2 Kings 2:1-12

For children this is mainly a story about another fiery scene.  In this one Elijah doesn’t fade away in death, but is carried away in a flaming chariot.  It raises all sorts of questions like, “Why did Elijah get this showy treatment while others do not?”  “Why did the disciples see Jesus all lit up and Elisha got to see Elijah go to heaven in a flaming chariot and I never see anything like that at all?  Am I too bad?”  So, when the story is mainly a companion to the gospel story, I’d leave it out.

Several commentators insist that this is really a story about passing the mantle to the next generation.  Elisha sticks with his mentor Elijah until the very end, then lets him go and takes up his work of prophecy.  That is not very meaningful to children either.

Bottom line:  in spite of all the wild pyrotechnics, this is not a story that can be shared meaningfully with young children.  Save it for later.

Psalm 50:1-6

This is the beginning of a psalm in which God summons the people for a trial in which God will judge them.  For children to follow it they need to understand the trial image and be told these verses are about the power of the Judge.  On the Sunday before Lent, it might be used to call worshipers to Lenten repentance. I suspect, however, that by the time you got the trial scene and the glory vocabulary explained, no one of any age would care much.  So, simply read this encouraging children to listen for words about God’s power and glory.

2 Corinthians 4:3-6

This is another text children will not understand as it is read.  In it are two ideas that might be of interest to them.

First, it is possible to not see God’s glory when it is right in front of you.  We can pay so much attention to toys, video games, our friends, our sports that we miss God.  There were people who lived at the same time in the same place Jesus lived and ignored him completely.  They really missed out!  God is at work in our world today.  We don’t want to miss out on that the way they missed out on Jesus.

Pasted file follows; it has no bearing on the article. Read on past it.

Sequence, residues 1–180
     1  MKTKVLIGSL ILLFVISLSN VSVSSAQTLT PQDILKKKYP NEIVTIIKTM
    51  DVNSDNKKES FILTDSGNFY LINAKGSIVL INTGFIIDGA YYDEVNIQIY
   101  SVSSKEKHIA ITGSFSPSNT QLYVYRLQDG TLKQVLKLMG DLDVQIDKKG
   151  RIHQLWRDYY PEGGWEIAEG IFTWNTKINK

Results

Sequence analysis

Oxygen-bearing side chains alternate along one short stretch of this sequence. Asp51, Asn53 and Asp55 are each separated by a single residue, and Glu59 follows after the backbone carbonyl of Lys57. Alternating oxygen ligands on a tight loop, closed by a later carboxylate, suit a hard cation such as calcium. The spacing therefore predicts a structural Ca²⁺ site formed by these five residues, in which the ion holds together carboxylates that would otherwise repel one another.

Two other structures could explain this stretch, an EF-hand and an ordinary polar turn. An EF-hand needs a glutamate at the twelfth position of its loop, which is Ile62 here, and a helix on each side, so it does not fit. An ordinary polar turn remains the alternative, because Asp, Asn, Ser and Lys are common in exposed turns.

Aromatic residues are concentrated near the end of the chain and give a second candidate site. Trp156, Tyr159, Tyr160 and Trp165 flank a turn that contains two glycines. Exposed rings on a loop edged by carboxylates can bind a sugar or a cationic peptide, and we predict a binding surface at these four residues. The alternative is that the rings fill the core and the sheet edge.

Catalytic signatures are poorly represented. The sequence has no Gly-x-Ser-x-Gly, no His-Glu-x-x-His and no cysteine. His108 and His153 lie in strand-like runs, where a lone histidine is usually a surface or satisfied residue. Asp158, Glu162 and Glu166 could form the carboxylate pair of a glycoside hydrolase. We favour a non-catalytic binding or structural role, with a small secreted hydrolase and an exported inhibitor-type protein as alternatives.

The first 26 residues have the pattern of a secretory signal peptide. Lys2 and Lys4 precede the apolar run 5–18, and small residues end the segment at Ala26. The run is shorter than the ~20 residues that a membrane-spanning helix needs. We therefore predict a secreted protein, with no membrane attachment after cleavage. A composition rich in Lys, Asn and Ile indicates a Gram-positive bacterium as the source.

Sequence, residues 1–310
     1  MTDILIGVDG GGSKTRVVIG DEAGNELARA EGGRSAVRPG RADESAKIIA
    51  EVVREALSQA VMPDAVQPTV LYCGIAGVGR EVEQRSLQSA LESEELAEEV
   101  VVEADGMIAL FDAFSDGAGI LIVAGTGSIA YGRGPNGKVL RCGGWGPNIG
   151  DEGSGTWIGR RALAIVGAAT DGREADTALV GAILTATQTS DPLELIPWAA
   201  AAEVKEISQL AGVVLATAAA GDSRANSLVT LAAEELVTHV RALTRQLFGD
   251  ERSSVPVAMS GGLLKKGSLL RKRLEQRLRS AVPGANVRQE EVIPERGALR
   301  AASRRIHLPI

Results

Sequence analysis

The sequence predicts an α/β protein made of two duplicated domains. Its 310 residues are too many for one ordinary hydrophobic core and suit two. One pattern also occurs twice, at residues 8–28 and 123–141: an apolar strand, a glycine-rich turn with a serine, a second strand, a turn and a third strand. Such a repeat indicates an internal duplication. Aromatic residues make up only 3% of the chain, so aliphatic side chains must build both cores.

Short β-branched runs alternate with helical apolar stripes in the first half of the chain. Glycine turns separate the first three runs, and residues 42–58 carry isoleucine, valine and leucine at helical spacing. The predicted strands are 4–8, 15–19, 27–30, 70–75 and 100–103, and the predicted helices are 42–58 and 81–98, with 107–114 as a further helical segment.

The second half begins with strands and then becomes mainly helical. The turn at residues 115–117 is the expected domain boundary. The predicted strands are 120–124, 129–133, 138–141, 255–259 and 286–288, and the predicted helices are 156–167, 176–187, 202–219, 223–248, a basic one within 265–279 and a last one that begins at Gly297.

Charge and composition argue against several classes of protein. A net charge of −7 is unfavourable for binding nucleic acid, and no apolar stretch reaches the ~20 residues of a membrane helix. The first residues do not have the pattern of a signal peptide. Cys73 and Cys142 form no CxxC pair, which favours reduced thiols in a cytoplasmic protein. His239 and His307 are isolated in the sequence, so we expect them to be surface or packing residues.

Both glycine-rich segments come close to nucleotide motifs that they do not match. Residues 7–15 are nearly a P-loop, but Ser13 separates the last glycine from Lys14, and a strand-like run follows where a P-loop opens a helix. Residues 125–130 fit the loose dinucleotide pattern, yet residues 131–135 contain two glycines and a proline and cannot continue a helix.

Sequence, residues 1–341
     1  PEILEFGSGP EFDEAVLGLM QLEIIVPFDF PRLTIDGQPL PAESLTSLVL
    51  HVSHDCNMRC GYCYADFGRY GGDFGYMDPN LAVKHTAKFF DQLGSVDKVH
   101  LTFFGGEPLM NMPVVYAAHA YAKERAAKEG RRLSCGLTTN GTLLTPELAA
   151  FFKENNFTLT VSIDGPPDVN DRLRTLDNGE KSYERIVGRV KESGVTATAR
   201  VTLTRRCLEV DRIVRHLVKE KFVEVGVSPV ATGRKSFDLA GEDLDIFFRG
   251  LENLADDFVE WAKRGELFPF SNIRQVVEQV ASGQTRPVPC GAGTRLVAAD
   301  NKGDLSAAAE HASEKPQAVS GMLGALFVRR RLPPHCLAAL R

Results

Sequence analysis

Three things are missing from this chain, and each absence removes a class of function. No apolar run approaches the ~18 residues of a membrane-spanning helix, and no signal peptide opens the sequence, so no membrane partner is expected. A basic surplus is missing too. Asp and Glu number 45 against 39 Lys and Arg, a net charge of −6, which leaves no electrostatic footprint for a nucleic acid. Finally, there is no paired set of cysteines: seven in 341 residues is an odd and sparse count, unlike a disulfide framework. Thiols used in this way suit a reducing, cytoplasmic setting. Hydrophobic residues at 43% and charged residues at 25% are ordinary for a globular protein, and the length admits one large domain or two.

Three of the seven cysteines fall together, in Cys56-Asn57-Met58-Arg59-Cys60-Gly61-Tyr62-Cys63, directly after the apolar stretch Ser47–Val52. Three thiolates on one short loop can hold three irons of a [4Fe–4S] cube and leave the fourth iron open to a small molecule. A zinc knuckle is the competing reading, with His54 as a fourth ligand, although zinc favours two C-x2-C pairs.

Second, verse 6 summarizes the whole Epiphany season.  We do see God’s glory in Jesus, not just at the transfiguration but in everything he says and does.


  1. A post Sunday comment - I teach second grade Sunday School (and always start preparation with your comments). My children immediately linked 'transfiguration' to transformers and figured out that it must mean change. It was intriguing to watch a very secular toy help children begin to understand one of the key stories of the faith.

  2. I teach first and second grade too and had the same experience. In opening assembly the leader said "Today we have a story about a big word - transfiguration" to which a second grader immediately said, "I have a transformer. Is this about people who can change?" And we were all off and running. Thanks for sharing.

  3. I love what you've written here about transfiguration. As a Catholic, I'm teaching/preaching this to our children's liturgy today (second Sunday of Lent). I taught it several years ago and felt like I did not have enough tangible resources to give them--but the creche/cross, the story of Jesus' life, the focus on the listen (as a Benedictine oblate I love that word). Good stuff. And I wish we called our ordinary time between Christmas and Lent "Epiphany Season." How perfect. Thanks for the ideas and inspiration!

  4. It is good to hear from you, Bridgett. I'm glad you finding this useful.